The Waves of Drugs

Comic clip describing Big Pharmas influence on the opioid epidemic. Image derived from 
DES Daughter.

Comic clip describing Big Pharma’s influence on the opioid epidemic. Image derived from DES Daughter.

Charlotte Sparks, Co-editor

According to the CDC, “from 1999-2019, nearly 500,000 people died from an overdose involving opioids, including prescription and illicit opioids.” In America, there have been three waves that devastated the US population: prescribed opioids, heroin, and fentanyl. 

In the 1990s, Purdue Pharma played a major role in the start of the Opioid epidemic. They planted the seeds through their aggressive marketing of Oxycontin. By targeting non-cancer patients with chronic pain, OxyContin became a top-selling pain pill due to Dr. Richard Sackler’s role in the company’s marketing strategy. According to Michael Friedman (Sales and marketing executive), on a confidential memo, “Our current MS Contin business has created ‘a franchise’ with certain physicians who routinely write prescriptions for the drug may be the bridge that we can use to expand the use of OxyContin beyond Cancer patients to chronic non-malignant pain.” Their marketing strategy didn’t stop with that; the marketing team emphasized that the drug needed to be used for a broad group of pain patients, and they needed to demonstrate the twice-daily dosing of OxyContin for the best effect. Despite the possible concerns with abuse/addiction potential, they continued this massive push for OxyContin. They claimed no serious medical side effects were associated with the drug. Physicians trusted this and started to prescribe these medicines to their patients. Patients became addicted and began to misuse them by taking higher doses than prescribed. By the end of the 20th century, OxyContin became a real problem.

In the 2010s, a new substance took hold over the US, heroin. Due to a tighter control over the prescribing of opioids, opioid users started looking for other drugs that could maintain their addictive lifestyle. They turned to heroin, a cheaper, stronger, and more available opioid. According to a recent survey done by the National Institute on Drug Abuse, “almost all-94 percent-said they chose to use heroin because prescription opioids were ‘far more expensive and harder to obtain’.” Heroin is a rug derived from morphine, a semi-synthetic drug, which is used recreationally. Between 2002 and 2013, heroin related deaths increased 2086 percent due to its level of potency.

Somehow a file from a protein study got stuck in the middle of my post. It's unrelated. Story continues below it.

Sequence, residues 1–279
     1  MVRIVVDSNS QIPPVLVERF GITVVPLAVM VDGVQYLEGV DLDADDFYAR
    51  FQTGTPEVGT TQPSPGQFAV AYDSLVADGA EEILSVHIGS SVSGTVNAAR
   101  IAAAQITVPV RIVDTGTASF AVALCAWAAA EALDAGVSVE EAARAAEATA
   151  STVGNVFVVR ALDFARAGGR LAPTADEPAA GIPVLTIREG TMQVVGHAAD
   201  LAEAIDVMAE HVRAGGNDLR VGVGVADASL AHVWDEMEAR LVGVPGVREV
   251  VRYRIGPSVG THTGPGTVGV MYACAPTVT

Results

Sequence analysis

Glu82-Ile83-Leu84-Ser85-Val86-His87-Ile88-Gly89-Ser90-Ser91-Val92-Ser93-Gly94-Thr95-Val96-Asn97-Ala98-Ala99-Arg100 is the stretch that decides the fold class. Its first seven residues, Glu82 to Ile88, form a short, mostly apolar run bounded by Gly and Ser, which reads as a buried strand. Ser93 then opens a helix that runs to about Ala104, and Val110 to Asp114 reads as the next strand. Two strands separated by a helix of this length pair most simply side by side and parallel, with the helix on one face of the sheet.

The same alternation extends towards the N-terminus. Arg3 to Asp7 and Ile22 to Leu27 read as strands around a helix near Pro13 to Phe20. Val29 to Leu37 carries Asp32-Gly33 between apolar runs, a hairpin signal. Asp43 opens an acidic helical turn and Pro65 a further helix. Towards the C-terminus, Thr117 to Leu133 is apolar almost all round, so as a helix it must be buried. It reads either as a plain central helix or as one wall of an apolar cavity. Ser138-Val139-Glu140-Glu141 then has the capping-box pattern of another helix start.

By 2015, drug overdose deaths continued to climb to over 30,000 deaths in just one year. Although opioid prescription rates were down, addicts found a new drug that was 100 times more potent than morphine, fentanyl. Fentanyl is mainly used for severe cancer pain and anesthesia because effects are felt almost instantaneously. Fentanyl is cheaper and easier to get than heroin. This is due to the fact that heroin has had a shortage. Many opioid users actually don’t like using fentanyl because it almost definitely would lead to an overdose. A lot of drug dealers and cartels lace their heroin with fentanyl to move their product, which ends up with more overdose death rates. Most of the time the users don’t know that fentanyl is laced in their heroin. Only two milligram dosage of fentanyl leads to an overdose. There have even been some cases where a person overdoses after a user has overdosed due to fentanyl’s potency.

Like limiting the amount of prescription opioids, there has been a real effort in the limiting of drug overdoses since 1999. For example, a prescription drug monitoring program is an “electronic database that tracks controlled substance prescriptions.” This electronic database has been able to identify patients, who have had a history of misusing prescription drugs and may have a risk of a drug overdose. Along with that, there have been many state laws used to reduce drug overdoses. For instance, there is the Menu of Prescription Drug Time and Dosage Limit Laws. This law shows the inventory of time and dosage limit laws on the prescription for dispensing of controlled substances. In hospitals, there are certain regulations that medical professionals must adhere to, in order to prescribe and give opioids to their patients. For one, there is the PDMP, and there are keys that nurses must have to lock up the substances before and after giving the opioids to their patients. 

Despite all of the actions to stop this epidemic, opioids still has a major hold on the North American population. This will most likely continue to be a huge problem that doctors and lawmakers will fight against.